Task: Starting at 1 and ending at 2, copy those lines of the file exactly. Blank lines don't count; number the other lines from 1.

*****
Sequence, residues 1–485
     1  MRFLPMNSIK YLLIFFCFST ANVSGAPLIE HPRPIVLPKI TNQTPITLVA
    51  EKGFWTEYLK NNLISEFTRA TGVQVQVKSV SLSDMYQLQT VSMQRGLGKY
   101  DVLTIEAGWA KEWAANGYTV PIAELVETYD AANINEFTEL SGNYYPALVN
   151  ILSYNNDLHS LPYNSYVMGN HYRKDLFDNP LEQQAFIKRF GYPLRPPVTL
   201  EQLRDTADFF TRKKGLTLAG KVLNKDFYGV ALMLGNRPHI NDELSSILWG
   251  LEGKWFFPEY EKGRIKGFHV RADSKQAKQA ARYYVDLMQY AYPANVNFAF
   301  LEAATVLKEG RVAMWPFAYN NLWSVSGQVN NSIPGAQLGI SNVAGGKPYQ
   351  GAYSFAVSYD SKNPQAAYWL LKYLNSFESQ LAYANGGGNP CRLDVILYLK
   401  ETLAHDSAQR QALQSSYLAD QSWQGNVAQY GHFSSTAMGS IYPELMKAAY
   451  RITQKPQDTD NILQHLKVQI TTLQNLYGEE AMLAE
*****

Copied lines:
Sequence, residues 1–485
     1  MRFLPMNSIK YLLIFFCFST ANVSGAPLIE HPRPIVLPKI TNQTPITLVA